How much memory your system is using, the CPU load, how much Disk I/O is going on, and your network traffic. Next, let's take a look at the tool bar. Here's the tool bar over here, and this is where all the nodes live. And they're all collected into similar groups based on type. So let's open up the color, and every one of these nodes does something with the color of the image. And many of them have hot keys, like here you go, there's a hot key here and a hot key there.
Another example, might be the Transforms. All of these nodes change the shape or the size of the images. Next is the menu bar up here. These contain a series of additional pop-up menus that you can use for different things in your work. For example, the file pop up menu has for saving and loading Nuke scripts. Edit pertains to copying and pasting and editing the nodes that are in your Node Graph. Workspace is where you can save and load layouts of your workspace.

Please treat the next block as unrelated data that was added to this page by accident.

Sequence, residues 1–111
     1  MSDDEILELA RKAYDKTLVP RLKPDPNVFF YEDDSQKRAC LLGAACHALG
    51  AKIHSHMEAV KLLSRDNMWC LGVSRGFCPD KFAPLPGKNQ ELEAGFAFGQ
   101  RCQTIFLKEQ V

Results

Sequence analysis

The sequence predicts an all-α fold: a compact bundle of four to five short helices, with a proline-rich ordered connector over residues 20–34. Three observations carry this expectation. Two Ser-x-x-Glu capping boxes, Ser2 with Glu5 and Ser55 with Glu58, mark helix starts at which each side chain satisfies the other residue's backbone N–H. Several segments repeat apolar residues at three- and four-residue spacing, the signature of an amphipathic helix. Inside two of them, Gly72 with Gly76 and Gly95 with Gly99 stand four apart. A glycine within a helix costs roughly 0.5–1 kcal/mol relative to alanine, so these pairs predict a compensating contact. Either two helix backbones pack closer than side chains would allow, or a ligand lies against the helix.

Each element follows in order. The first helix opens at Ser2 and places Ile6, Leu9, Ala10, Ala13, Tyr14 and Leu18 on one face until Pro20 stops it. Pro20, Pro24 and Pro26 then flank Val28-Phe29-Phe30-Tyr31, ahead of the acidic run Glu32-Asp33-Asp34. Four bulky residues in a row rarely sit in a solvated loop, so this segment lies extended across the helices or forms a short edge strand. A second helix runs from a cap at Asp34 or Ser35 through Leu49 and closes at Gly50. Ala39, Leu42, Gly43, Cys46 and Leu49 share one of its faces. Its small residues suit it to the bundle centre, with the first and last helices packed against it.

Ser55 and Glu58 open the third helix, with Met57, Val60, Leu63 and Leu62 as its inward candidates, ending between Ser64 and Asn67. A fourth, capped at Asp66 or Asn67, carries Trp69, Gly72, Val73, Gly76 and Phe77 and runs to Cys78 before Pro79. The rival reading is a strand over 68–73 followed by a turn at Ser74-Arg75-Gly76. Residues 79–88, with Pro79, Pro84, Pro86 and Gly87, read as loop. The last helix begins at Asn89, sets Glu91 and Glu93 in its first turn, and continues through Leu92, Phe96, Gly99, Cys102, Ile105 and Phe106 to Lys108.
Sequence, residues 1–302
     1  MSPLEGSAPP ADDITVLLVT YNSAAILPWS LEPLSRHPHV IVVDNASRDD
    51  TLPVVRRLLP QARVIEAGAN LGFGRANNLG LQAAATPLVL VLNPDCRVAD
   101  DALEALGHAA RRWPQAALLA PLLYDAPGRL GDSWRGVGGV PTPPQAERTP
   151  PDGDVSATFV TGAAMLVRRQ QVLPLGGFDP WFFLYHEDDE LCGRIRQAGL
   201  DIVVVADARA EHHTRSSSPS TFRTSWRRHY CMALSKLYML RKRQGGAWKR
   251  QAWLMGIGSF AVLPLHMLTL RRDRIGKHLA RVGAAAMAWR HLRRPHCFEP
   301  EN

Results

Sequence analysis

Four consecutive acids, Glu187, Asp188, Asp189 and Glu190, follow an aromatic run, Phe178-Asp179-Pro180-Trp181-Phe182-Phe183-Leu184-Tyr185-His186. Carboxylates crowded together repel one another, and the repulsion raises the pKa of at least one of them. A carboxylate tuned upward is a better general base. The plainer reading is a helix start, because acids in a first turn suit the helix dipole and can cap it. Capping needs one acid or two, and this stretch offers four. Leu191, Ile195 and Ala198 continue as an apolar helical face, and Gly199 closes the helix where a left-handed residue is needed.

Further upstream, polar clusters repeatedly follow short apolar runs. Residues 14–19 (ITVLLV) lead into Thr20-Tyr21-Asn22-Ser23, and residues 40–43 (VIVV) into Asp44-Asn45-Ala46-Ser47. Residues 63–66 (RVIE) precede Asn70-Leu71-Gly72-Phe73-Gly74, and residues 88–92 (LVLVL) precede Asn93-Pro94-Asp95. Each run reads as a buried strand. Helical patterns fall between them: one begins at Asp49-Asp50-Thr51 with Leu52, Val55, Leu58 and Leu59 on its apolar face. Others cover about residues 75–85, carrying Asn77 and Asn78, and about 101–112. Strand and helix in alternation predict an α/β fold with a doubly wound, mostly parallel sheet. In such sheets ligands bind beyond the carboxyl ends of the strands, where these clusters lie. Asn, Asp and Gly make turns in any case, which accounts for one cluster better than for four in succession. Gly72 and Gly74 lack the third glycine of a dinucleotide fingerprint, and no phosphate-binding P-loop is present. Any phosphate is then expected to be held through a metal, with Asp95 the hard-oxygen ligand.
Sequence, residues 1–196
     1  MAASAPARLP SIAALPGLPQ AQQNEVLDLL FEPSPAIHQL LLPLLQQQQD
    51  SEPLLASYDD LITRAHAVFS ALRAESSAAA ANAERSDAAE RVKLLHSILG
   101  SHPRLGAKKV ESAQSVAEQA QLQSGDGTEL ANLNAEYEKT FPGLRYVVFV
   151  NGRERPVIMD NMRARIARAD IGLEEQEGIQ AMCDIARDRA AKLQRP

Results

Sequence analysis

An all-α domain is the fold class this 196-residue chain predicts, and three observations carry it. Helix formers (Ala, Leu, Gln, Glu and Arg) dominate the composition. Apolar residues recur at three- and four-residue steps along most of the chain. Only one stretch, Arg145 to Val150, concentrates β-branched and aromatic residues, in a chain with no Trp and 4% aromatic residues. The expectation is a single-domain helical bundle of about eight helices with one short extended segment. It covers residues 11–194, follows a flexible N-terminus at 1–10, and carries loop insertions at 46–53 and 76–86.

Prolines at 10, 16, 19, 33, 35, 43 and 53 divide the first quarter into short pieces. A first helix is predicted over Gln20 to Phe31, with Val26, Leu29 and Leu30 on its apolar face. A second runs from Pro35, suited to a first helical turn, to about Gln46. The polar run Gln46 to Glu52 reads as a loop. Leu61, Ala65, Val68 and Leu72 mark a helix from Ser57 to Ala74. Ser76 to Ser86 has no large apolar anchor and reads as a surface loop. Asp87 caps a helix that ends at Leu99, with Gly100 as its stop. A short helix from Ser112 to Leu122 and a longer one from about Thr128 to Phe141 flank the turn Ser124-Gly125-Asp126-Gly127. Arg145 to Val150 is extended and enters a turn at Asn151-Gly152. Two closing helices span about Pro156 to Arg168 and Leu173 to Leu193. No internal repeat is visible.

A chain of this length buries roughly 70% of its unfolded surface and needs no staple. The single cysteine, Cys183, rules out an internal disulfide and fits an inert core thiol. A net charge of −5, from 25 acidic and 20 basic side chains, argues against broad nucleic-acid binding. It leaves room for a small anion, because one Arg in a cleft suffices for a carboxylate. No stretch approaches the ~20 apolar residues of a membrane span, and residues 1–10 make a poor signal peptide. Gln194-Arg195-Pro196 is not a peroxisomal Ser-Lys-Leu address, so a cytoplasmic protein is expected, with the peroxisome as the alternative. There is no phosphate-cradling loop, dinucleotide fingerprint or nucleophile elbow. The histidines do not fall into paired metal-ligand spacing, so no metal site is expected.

And these are some viewer controls. The Render pop-up is whether you want to render all the nodes or a few selected nodes. And of course the Cache pop up has to do with clearing cache buffers and cache management. And of course the ever popular help menu. You'll notice that most of them have keyboard shortcuts. Which are over here on the right. Okay, let's look at the curve editor. But first, I'm going to open up the Transform property panel. Alright, so I've opened up the property panel for the transform node, which has some animation, which is keyframed.